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Breaking all the rules

 I love rules. When I first took on the job of editor, one of my goals was to reinstill the rules in the staff. Those ranged from the mundane and important (spelling and grammar) to the important feeling but trivial (all of the elements lining up perfectly when they were laid on the page) to the minutiae of procedure during the production process and organizational management. And at 20 I finally learned what most people learn at four or five: Rules are made to be broken.

 It’s like the rules of fashion or the English language, we’re supposed to learn all of the rules backwards and forwards so that we can learn when to abandon them. The spirit of the rule is more important than the specific detail, and we frequently can’t abide by both. I came in trying to strengthen The Chronicle’s adherence to and respect for the rules, and in doing so I learned how to be flexible.

 Rules are helpful because they offer a course of action. If we follow the rules properly, we don’t have to reinvent the wheel, someone already figured out the best process for making a newspaper every day.There are generic responses to sources who claim they were misquoted and prefab answers to angry callers who object to a column that ran in the paper. If we play by the rules, I thought, we would be safe.

  But it turns out some situations don’t lend themselves to cookie cutter strategies. There were no rules for how to cover the Palestine Solidarity Movement conference, which had turned violent in previous years and stayed peaceful, but raised emotions on campus. There were even fewer for how to handle reaction to the column we printed after PSM that expressed a valid opinion, but indoing so unintentionally used language that opened still raw wounds. On two major occasions when we printed articles and columns that hurt people I knew and was close to, I had no manual to follow that told me how to maintain my personal relationships outside of the newspaper.

 So even after learning all of those rules, and learning when to break them, sometimes I was still left feeling like a deer caught in the headlights, without a clue of what to do or where to turn. The easy answer is also the hardest: Ask for advice. It was tough to ask for help when I felt like I was supposed to be the one with all of the answers. I was lucky this year to have a senior staff whom I could turn to for advice in any number of situations—from the bestway to design a front page to the best way to respond to an angry e-mail and alumni who were willing to helpout and answer middle of the night phone calls. It’s impossible to have all of the answers. The key was in know-ing where to find the answers.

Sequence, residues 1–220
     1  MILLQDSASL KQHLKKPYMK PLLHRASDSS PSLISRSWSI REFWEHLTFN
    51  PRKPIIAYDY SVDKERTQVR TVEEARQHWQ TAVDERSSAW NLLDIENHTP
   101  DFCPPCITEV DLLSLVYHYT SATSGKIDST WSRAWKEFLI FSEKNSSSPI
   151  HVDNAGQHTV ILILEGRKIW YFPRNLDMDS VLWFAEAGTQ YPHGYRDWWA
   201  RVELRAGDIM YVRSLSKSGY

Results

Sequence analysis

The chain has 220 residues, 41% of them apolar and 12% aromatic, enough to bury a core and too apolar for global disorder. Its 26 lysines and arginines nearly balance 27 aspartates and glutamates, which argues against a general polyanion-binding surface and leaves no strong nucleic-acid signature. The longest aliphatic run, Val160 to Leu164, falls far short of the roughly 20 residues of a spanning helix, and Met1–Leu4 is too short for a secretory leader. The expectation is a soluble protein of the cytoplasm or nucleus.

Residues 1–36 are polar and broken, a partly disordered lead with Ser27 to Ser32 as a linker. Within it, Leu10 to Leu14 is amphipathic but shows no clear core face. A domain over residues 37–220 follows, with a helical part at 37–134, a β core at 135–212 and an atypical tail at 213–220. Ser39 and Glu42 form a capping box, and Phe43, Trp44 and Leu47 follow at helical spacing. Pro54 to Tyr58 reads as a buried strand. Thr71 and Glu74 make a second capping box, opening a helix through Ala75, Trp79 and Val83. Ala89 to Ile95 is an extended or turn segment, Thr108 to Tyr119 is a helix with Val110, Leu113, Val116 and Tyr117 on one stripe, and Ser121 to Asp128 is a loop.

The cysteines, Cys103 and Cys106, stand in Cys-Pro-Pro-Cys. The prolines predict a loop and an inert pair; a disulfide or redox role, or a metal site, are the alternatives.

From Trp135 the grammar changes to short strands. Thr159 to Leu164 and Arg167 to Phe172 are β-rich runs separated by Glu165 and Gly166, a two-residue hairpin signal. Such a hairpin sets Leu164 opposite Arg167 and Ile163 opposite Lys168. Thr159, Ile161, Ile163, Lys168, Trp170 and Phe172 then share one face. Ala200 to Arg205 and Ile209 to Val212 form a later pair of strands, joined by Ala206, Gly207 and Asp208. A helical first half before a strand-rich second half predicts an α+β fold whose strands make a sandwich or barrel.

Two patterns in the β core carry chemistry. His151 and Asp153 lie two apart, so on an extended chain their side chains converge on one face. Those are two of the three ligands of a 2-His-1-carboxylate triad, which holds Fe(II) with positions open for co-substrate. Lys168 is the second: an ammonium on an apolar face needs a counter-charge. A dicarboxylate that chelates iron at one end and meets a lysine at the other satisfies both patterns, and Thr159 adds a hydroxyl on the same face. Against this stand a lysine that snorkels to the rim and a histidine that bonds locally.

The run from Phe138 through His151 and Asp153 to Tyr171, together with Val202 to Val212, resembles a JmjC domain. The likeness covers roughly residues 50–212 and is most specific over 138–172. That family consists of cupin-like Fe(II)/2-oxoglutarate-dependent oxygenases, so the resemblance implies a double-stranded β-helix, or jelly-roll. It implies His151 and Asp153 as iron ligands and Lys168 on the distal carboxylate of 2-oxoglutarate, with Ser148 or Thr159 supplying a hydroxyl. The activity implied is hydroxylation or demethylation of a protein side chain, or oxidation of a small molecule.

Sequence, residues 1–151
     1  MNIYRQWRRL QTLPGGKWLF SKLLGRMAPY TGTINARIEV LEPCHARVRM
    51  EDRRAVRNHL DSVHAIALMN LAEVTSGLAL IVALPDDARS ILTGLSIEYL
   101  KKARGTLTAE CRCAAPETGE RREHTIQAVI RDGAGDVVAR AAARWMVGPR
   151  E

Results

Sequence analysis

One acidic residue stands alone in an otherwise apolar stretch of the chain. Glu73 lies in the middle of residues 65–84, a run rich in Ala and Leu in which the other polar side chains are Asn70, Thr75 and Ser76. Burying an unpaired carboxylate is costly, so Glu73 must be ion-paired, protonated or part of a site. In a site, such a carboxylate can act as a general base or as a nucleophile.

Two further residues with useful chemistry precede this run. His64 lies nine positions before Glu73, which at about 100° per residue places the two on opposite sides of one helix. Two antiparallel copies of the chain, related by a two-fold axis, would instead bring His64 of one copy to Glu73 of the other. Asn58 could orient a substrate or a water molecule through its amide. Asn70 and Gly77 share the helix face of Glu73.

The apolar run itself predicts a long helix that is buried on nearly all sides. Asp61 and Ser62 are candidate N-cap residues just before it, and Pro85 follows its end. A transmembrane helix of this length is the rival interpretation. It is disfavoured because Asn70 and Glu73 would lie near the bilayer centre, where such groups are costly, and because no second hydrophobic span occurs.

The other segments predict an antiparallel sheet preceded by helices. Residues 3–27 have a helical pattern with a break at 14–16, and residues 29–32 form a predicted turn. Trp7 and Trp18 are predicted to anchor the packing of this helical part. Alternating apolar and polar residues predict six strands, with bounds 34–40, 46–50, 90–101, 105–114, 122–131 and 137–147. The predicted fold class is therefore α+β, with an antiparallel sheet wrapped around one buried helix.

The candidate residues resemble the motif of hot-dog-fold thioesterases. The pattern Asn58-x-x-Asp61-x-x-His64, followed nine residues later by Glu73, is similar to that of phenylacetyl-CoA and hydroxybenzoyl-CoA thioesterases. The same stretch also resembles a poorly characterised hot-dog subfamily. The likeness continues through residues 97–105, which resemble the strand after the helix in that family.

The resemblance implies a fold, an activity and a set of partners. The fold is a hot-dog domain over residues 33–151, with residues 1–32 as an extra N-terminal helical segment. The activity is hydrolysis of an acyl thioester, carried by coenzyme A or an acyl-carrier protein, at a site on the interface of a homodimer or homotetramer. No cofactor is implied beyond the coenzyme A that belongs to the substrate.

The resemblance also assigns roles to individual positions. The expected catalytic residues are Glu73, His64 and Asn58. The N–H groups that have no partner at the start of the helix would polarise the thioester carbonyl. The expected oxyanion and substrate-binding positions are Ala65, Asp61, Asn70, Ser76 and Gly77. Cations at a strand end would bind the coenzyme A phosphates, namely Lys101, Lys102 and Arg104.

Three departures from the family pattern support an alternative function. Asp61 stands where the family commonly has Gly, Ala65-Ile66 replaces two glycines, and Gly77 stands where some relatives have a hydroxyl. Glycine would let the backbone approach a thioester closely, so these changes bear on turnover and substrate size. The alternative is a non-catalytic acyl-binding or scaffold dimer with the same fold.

Sometimes even the dozen or more people I askedfor advice didn’t have the answers. And yet we keptgoing, publishing close to 150 issues. Some where along the way, I learned that the best and worst thing about a daily newspaper is also the most basic aspect: there’s a new one every day.

When we put out an issue that was less than stellar, or it had mistakes in it, or someone was mad about something in it, we only had to look at it for one day because it was gone the next. But when we were terrifically proud of an issue, when we broke an important story or designed a beautiful graphic or put together an entire newspaper full of solid, well rounded coverage, we couldn’t rest on our laurels, that one was gone in a day, too. Like it or not, nomatter how great or terrible the day before was, we had tostart over and do it all again for the next day.

 As of today, all of that starting over is someone else’sjob. I am going to take the summer off and then startback up with college in the fall with a full courseload andwithout 90 hours of newspaper work each week or a staffof more than 100 people around me. And all I’ve got togo on is a bunch of ideas about when to break rules—anda few sources for reliable advice when Iget stuck.karen hauptmaneditor’s column

 Karen Hauptman is a Trinity junior and editor of The Chronicle. Like her predecessors, she aches with the knowledgethat she’ll never be either again.

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